US President Joe Biden pledged last month to use “every power” at his disposal to push his administration’s long-suffering climate bill through Congress – and get his ambitious but faltering domestic and global climate action agenda back on track after repeated set-backs.
On 8 August the Senate passed the Inflation Reduction Act (IRA) of 2022, which features almost $370bn for renewable energy investment and emissions reduction, an unprecedented federal spend that could singularly supercharge the country’s energy transition. Then on Friday the House backed the legislation, leaving Biden needing only to add his own signature to secure its passage into law.
Early independent dissection of the clean energy provisions within the bill – which was negotiated by majority leader Charles Schumer and coal-state Democrat Joe Manchin, who had singlehandedly spiked earlier versions of the proposal – suggest it could place the US on a flight path to cut greenhouse gas levels by 2030 by as much as 44% from 2005 levels, putting it within reach of its 50-52% Paris Agreement commitments.
Biden’s declamation that the Senate’s passage of the IRA was “the action the American people have been waiting [to] address the problems of today [including] investments in our energy security for the future” was echoed enthusiastically by many US renewables industry bodies in the days following.
‘Addressing the problems of today’
“A monumental day for America’s clean energy progress and global climate leadership,” said Abigail Ross Hopper, CEO of the US Solar Energy Industries Association; and a “watershed moment in [the US’] renewable energy transition,” offered Liz Burdock, CEO of US advocacy group Business Network for Offshore Wind.
Heather Zichal, CEO of American Clean Power Association – which less than a week earlier had released calculations pointing to development of up to 550GW of new utility-scale battery storage, solar, and wind power projects between now and 2030, and the creation of 550,000 sector jobs if the bill were passed – called it “a generational opportunity after years of uncertainty and delay”.
Though the IRA is far less aspirational than the sweeping but unsuccessful $1.9bn Build Back Better climate and social spending bill that it replaces, it is nonetheless seen a huge, energising boost for the US energy transition and expansion of renewables build-out that will come with it.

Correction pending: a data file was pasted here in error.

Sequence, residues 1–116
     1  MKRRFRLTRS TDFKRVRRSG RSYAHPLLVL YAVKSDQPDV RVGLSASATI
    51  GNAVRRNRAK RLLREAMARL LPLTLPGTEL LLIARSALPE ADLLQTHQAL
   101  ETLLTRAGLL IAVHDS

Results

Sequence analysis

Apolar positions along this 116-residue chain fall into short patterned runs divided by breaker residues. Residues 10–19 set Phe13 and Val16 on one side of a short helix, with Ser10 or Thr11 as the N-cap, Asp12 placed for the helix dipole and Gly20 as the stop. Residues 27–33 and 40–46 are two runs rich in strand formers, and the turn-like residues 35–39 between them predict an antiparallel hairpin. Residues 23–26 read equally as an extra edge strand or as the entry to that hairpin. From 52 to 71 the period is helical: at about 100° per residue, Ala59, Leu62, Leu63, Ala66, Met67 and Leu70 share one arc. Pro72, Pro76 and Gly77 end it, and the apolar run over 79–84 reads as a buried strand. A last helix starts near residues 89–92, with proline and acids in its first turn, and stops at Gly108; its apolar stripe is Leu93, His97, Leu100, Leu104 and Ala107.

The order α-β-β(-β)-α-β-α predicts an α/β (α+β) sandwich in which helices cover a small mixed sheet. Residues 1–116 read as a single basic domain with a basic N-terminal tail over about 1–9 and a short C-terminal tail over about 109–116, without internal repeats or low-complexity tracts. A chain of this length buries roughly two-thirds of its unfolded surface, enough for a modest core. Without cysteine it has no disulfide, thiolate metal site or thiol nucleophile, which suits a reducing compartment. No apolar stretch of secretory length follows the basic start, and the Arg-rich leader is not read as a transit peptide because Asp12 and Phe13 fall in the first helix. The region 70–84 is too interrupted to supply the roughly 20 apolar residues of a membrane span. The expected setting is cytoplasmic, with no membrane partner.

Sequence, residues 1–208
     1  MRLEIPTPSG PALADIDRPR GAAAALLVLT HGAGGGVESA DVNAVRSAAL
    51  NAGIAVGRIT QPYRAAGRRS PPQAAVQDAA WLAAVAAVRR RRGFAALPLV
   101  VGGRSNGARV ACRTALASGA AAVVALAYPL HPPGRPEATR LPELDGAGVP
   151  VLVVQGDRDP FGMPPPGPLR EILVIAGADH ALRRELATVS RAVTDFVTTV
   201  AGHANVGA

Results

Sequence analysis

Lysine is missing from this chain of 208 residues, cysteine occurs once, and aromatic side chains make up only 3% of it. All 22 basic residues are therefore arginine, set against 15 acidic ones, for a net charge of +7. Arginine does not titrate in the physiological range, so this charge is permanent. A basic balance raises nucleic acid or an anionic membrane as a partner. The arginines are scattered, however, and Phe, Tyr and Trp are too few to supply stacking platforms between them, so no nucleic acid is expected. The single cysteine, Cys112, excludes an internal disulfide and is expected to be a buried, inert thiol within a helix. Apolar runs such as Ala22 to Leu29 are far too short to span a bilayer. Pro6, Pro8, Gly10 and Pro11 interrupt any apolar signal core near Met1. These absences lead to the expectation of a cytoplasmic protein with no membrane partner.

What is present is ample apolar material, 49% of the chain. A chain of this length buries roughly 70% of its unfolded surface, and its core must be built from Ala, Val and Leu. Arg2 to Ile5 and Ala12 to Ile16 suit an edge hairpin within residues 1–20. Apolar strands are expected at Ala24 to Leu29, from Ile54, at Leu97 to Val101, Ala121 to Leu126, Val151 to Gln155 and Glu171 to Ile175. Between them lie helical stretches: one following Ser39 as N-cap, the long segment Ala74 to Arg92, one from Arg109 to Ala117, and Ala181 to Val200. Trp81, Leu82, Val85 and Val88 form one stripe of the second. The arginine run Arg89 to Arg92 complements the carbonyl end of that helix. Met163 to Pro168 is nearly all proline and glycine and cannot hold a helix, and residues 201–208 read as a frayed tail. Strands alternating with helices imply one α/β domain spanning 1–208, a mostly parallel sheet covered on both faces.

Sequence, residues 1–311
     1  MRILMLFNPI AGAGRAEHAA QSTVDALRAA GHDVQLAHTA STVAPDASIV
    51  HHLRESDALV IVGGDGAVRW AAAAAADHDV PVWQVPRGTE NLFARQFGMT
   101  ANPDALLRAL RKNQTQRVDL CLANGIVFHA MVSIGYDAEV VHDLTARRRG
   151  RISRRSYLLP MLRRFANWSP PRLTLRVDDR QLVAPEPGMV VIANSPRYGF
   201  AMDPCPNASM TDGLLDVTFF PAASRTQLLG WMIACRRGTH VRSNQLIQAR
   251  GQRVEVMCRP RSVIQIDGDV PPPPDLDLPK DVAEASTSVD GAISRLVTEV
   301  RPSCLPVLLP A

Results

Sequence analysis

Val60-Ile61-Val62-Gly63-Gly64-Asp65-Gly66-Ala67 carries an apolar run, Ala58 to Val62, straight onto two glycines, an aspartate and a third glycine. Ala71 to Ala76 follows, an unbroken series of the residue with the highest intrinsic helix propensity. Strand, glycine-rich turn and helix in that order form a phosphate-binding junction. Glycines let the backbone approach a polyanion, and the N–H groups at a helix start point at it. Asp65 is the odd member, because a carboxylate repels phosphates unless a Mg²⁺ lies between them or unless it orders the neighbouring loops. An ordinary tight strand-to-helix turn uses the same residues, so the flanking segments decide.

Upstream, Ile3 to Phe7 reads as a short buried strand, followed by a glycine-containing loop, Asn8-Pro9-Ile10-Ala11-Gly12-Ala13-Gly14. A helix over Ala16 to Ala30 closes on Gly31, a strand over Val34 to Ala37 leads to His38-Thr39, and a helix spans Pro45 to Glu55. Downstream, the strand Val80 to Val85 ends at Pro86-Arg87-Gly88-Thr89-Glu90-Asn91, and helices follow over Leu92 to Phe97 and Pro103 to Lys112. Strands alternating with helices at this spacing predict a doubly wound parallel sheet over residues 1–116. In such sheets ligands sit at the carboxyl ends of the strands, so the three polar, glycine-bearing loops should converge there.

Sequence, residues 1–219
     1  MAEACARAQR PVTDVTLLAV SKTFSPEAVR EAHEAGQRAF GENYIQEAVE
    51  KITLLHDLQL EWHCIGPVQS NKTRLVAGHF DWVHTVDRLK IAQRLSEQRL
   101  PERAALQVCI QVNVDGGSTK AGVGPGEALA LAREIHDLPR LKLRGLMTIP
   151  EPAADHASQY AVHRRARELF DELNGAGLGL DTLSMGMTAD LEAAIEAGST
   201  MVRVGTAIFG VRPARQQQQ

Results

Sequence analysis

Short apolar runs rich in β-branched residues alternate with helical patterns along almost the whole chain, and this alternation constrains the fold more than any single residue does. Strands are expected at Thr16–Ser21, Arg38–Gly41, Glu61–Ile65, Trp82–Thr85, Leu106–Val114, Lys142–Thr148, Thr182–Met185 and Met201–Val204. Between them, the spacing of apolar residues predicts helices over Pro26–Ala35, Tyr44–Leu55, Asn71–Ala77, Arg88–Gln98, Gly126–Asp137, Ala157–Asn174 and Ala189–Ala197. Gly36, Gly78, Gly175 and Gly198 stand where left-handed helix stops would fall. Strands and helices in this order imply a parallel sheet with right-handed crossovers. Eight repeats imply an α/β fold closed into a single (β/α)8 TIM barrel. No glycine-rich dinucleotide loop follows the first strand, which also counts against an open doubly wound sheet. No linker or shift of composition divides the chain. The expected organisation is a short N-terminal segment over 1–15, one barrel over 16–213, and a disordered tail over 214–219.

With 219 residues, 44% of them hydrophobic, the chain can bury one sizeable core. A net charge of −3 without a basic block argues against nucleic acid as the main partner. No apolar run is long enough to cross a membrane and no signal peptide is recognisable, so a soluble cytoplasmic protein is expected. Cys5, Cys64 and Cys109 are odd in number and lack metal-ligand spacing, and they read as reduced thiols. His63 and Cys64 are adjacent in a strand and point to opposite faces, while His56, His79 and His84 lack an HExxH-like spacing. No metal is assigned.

For American’s fledgling offshore wind sector, the package of federal investments, loans, and tax credits baked in to the IRA is seen as a “historic step forward”, not least in the potential positive economic development of the bill’s $5.6bn to the Department of Energy (DOE) for clean energy and related “national interest” power transmission project loans; $1bn for DOE in state grants to help site grid lines; $150m to hire personnel for permitting on federal lands, and $100m for DOE to conduct analysis, modelling, and planning for inter-regional offshore transmission grids.
‘Historic step forward’
And the emerging US hydrogen sector had even more to cheer about. As Recharge opined as the dimensions of the bill emerged, the IRA could be “the single most important event in the history of green hydrogen to date — and a turning point for the nascent industry, given that tax credits included for renewables-produced H2 would mean production that was ‘Made in the USA’ would be the cheapest in the world.
The ripple out from this coming reality was evinced in shares in US hydrogen sector companies soaring since the US climate bill was announced and European companies in the H2 space also seeing substantial increases.
Despite the undoubted global energy transition game-change represented by the 725-page IRA, as Recharge analysis revealed, the bill did omit key federal permitting reforms and a tax credit for transmission that is reckoned to be critical to overcoming development and delivery hurdles across much of the country.
There are also the issues lying in wait around several giveaways to the oil & gas industry, such as hinging new renewables permitting on hydrocarbon leasing on federal lands, which has incurred the wrath of climate activists despite independent number-crunching highlighting that the bill’s CO2 cuts outweigh emissions links to forecast new hydrocarbon production by a factor of 24.
Note: Update reflects bill's passage through House